"That kind of hate speech," said Stapel, "gives people license to believe that it’s completely appropriate to be violent towards folks because of their sexual orientation or gender identity." Stapel made her comments before AVP’s Courage Awards at the Prince George Ballroom in Manhattan on Oct. 18, 2010, an October 26, 2010, EDGE article noted. "There’s a direct connection. What we’re seeing as the LGBT civil rights movement advances in very meaningful ways, the backlash becomes more severe."
"Although the climate may be changing, as long as there are people spewing hatred towards our community, people will interpret that as license to hurt us or a license to torment us," said former AVP executive director David Wertheimer, who was on hand at the same news conference.
New Yorkers, and the nation, were shocked at vicious anti-gay assaults carried out last fall by a gang in the Bronx. Nine members of the Latin King Goonies suspected that one of their recruits might be gay, the Associated Press reported Oct. 8, 2010, and allegedly attacked the 17-year-old youth on Oct. 3, 2010. The gang beat the teen and sexually assaulted him with a plunger handle. A 30-year-old man whom the gang suspected the youth was involved with sexually was also targeted by the gang, and assaulted in much the same way as the teenager was. The older man’s brother was also assaulted in a home invasion undertaken by the gang.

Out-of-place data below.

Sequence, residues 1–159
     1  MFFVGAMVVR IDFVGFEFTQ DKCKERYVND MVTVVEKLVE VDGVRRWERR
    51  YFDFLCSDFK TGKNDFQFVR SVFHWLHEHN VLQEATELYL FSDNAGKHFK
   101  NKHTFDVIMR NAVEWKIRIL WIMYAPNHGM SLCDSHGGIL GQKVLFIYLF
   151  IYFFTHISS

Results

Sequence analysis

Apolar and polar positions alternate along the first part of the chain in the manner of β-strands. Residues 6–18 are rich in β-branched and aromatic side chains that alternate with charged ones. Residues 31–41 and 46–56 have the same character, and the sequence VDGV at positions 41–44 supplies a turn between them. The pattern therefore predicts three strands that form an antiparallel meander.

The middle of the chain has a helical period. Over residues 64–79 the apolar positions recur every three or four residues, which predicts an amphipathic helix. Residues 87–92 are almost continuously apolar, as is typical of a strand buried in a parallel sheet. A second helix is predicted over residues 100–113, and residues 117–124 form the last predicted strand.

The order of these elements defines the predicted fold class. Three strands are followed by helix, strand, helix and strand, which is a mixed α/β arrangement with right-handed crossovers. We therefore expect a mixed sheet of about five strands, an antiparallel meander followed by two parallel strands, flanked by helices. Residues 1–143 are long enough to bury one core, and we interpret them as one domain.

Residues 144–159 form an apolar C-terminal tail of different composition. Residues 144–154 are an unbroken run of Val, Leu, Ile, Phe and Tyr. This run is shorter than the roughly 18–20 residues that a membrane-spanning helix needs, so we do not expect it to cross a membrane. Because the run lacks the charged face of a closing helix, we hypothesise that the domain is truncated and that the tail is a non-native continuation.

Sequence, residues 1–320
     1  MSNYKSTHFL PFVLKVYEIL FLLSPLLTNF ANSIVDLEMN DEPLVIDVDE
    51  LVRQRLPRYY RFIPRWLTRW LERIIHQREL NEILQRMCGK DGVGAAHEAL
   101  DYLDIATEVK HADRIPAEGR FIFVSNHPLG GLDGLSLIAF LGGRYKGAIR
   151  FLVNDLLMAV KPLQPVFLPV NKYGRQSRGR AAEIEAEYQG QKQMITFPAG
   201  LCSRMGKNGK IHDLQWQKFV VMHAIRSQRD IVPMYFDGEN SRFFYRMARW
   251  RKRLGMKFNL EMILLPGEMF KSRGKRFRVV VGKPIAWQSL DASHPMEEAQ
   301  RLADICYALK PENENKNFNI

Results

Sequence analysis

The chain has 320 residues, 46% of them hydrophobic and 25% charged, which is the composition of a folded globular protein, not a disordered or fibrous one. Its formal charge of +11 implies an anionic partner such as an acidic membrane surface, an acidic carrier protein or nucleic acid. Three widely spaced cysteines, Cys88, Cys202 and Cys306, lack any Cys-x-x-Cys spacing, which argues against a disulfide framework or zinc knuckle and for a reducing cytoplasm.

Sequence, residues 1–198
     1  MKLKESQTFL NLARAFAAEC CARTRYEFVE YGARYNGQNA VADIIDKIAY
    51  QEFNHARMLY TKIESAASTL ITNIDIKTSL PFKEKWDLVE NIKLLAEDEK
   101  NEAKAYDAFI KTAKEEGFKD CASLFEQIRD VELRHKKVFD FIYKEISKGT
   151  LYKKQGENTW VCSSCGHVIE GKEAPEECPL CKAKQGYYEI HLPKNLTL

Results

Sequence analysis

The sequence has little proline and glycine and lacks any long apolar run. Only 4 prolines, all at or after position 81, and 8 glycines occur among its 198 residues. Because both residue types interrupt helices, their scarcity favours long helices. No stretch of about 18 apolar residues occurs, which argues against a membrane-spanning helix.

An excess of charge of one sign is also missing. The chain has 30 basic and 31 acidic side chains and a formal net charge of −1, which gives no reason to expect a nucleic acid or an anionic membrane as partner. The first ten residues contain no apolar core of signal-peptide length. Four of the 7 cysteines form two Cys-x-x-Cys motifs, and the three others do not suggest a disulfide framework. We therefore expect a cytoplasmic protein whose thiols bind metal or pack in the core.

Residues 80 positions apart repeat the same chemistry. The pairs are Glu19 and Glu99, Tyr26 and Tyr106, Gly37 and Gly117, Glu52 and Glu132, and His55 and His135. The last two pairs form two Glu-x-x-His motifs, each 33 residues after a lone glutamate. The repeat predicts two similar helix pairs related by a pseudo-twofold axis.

The attacks in the Bronx took place only a few months after a July 7, 2010, incident on Staten Island in which a gang of about 40 young men and women attacked a gay couple. One of the gay men was left beaten and bleeding in a parking lot, according to a subsequent EDGE article from Oct. 21, 2010, that reported on the paucity of leads in the crime.
Another attack took place in the Stonewall Inn, the West Village establishment at the center of the historic Stonewall riots. Two men--Matthew Francis, 21, and Christopher Orlando, 17--reportedly beat a gay man as he stood at a urinal in the bar’s restroom, according to an Oct. 4, 2010 EDGE report.
The same EDGE article also reported that an anti-gay attack took place in Chelsea on Oct. 1, 2010, when several assailants, including Andrew Jackson, 20, set upon two gay males after seeing them kiss each other goodbye on the street.